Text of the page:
My assistants, Shannon and Torrence, getting ready to strangle me

My assistants, Shannon and Torrence, getting ready to strangle me

Stupid rabbit

Stupid rabbit

My lovely assistants, Mikayla and Torrence, getting a photo with me after the show show

My lovely assistants, Mikayla and Torrence, getting a photo with me after the show show

Fringe Performance Update – 22JUN2014

For anybody who may have planned on coming out to see my show today, because of the weather, the show has been moved across the street from Strauss Park to Third Baptist Church at 620 N. Grand. The church is catty-corner to the Fox Theater, so if you know where the Fox is, finding the church shouldn’t be that hard. I will be performing at 4:30 it’s a free performance, magic, and laughs.

Photo(13)

Daily Dose of Magic – Burl the Bubble Guy

Daily Dose of Magic – Burl the Bubble Guy

Currently, I’m working on a bubble routine to start opening my act with. In all honesty, I want to create enough of a spectacle that people stop and start watching so that the opening sequence is a bally in itself to start creating crowd interest. I came across this routine, which is magic, but is just plain fun to watch by Darren Burrell, better known as Burl the Bubble Guy (www.burlthebubbleguy.com). His routine here has given me some ideas to think about. Even though this is not a magic act, for some ideas here to lead into some of the bubble magic leave some room for serious consideration.

Burl the Bubble Guy

Daily Dose of Magic – Finn Jon French Television Appearance

Daily Dose of Magic – Finn Jon French Television Appearance

Norwegian magician, Finn Johan Hauger, better known as Finn Jon, is the subject of today’s clip. Finn Jon is legendary in the magic community and is considered the father of modern levitation magic, inspiring magicians such as Losander. This act is as playful as it is beautiful and features one of my favorite routines of his, the Dancing Tie.

Finn Jon French Television Appearance

Daily Dose of Magic – Mirko Callaci 2003 FISM Act

Daily Dose of Magic – Mirko Callaci 2003 FISM Act

I started looking for routines with bubbles to get ideas for my busking act and came across this outstanding work of magic and manipulation. Argentinian magician Mirko Callaci (mirkomagic.com) won a FISM award at the 2003 Den Haag XXII World Championships in the category of General Magic, and it is just stunning in it’s routining. Mirko now has a must-see act in Shanghai, and after seeing this, man, it gives me even more of a reason to want to make a trip there.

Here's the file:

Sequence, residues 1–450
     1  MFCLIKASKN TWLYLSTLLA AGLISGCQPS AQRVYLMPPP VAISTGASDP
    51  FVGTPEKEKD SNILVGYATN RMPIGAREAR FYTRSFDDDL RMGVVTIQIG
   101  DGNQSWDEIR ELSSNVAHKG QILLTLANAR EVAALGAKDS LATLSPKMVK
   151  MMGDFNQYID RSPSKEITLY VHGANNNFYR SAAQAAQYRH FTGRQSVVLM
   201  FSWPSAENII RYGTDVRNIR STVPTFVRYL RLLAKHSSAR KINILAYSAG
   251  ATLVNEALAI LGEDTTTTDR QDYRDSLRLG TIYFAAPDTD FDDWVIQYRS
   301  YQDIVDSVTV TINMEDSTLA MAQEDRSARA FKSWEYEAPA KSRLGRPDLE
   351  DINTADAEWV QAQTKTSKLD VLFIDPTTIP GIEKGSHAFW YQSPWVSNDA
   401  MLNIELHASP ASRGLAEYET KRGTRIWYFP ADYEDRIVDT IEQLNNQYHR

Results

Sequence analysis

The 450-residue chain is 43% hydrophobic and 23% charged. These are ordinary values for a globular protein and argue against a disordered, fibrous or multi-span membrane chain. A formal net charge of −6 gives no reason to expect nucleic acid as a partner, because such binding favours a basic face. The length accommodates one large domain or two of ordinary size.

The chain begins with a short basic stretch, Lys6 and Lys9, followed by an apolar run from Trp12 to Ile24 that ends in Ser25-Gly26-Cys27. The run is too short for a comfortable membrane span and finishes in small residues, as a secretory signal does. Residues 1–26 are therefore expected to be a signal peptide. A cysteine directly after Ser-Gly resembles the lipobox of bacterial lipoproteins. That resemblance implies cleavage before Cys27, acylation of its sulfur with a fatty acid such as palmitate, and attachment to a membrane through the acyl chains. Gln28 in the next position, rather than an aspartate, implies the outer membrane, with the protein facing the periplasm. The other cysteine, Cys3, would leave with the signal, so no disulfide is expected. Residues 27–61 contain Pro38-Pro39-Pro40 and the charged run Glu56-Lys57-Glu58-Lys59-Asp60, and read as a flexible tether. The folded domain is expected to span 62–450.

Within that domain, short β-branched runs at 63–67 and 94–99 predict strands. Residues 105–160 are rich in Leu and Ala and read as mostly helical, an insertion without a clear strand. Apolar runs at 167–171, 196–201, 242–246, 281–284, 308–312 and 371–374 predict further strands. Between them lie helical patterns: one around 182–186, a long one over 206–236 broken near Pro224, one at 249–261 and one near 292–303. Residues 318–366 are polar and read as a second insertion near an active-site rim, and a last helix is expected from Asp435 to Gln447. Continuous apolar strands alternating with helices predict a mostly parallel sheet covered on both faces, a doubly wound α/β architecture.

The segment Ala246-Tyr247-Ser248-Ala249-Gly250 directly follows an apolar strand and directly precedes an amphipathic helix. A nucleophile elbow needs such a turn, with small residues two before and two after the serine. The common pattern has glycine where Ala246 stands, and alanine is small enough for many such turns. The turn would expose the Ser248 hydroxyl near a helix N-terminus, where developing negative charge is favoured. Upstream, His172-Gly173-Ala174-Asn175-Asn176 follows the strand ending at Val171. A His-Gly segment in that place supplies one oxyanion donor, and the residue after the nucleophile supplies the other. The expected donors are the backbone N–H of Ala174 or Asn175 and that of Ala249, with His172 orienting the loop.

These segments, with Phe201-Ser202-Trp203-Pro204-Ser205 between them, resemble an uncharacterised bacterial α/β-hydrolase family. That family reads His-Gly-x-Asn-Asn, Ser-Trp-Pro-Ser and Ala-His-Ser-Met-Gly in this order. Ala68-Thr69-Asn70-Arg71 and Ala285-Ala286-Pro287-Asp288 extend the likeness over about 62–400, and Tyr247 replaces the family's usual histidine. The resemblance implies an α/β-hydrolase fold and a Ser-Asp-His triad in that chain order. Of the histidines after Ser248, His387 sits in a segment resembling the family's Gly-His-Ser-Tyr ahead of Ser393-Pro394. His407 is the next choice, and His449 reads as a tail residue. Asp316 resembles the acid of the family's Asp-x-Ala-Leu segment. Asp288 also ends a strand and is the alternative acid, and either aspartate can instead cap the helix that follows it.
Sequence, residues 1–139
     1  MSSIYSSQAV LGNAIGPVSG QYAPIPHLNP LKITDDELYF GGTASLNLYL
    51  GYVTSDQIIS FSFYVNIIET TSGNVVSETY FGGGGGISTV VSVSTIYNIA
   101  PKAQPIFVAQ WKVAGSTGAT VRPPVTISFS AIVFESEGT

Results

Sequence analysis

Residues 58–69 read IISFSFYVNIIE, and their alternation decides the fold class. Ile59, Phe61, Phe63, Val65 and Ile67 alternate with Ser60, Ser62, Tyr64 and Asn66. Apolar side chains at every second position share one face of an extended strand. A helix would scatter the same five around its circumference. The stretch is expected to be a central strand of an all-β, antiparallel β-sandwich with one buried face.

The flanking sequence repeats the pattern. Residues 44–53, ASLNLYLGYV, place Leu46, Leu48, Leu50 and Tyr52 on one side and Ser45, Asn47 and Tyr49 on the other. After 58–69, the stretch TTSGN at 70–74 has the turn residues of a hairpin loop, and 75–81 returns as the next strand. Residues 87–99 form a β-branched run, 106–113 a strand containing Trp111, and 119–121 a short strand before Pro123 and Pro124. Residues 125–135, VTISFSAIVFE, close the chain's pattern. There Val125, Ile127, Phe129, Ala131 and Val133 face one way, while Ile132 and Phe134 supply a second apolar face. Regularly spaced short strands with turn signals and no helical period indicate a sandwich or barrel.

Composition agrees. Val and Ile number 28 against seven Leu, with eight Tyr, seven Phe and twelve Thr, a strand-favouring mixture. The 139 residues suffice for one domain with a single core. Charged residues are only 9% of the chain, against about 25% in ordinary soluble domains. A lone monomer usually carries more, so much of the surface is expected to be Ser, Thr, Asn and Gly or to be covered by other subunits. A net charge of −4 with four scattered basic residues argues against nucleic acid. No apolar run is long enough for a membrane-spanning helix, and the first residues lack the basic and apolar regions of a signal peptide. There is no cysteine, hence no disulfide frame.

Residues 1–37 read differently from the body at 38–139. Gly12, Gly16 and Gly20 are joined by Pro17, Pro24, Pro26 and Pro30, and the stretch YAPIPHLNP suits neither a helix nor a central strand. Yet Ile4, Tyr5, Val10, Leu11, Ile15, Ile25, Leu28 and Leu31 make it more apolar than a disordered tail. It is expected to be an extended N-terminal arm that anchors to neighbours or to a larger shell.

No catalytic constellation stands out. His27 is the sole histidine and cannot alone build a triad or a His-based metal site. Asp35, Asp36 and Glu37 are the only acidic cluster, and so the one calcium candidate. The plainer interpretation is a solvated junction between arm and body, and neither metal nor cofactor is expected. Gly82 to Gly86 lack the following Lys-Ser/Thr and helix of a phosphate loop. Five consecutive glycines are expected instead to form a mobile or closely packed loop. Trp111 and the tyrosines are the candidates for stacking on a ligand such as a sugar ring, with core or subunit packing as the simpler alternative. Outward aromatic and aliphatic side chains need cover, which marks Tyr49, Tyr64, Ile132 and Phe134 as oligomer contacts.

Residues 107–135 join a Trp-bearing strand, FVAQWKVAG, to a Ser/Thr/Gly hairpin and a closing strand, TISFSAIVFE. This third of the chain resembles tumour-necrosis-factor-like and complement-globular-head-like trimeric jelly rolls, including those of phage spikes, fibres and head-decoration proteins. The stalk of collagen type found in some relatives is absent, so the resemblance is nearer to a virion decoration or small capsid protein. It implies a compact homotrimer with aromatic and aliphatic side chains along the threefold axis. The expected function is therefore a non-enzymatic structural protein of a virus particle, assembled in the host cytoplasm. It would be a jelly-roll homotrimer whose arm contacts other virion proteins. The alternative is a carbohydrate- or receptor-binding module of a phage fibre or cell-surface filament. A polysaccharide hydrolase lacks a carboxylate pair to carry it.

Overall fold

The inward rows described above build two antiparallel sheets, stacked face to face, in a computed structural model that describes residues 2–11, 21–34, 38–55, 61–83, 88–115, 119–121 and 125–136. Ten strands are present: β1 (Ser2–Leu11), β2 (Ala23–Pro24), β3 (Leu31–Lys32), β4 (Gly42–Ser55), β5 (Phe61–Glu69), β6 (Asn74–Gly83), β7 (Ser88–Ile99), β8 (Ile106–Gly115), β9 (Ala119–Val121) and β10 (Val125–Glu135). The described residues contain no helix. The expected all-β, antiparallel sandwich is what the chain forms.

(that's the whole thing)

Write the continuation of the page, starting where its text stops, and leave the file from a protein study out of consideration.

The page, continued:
Mirko Callaci 2003 FISM Act

Daily Dose of Magic – Levent’s Finale Sequence on the “Masters of Illusion” TV Show

Daily Dose of Magic – Levent’s Finale Sequence on the “Masters of Illusion” TV Show

Levent (www.leventmagic.com) is probably one of the magicians I respect the most in the magic community.  I posted the first part of this act in one of my first Daily Doses (http://jasonstackmagician.com/?p=71) and as I’ve read his material in the Society of American Magician’s magazine, “M.U.M.” I have his DVDs on the Linking Rings and Billiard Balls, and look forward to reading his biography on Roy Benson. In the Billiard Ball DVD, he explains the routine you’ll see at the end of this video clip, and really, this is an amazing routine of ball manipulation. This does have touches of Roy Benson’s act, but the routine is completely Levent’s. It’s impressive when you watch it, but even more stunning if you know all the manipulation he’s pulling off throughout the routine.

Levent’s Finale Sequence on the “Masters of Illusion” TV Show

Daily Dose of Magic – Salvano “Multiplying Billiard Balls”

Daily Dose of Magic – Salvano “Multiplying Billiard Balls”

Polish magician Tomasz Chelminski (1929-2006) was better known by the name of Salvano and was noted for his smooth style. When you watch this video of his take on the Multiplying Billiard Balls, it’s evident why he had that reputation. This performance is simply beautiful. Even knowing the moves and techniques, it’s difficult not to get lost in the execution of such a great act.

Salvano “Multiplying Billiard Balls”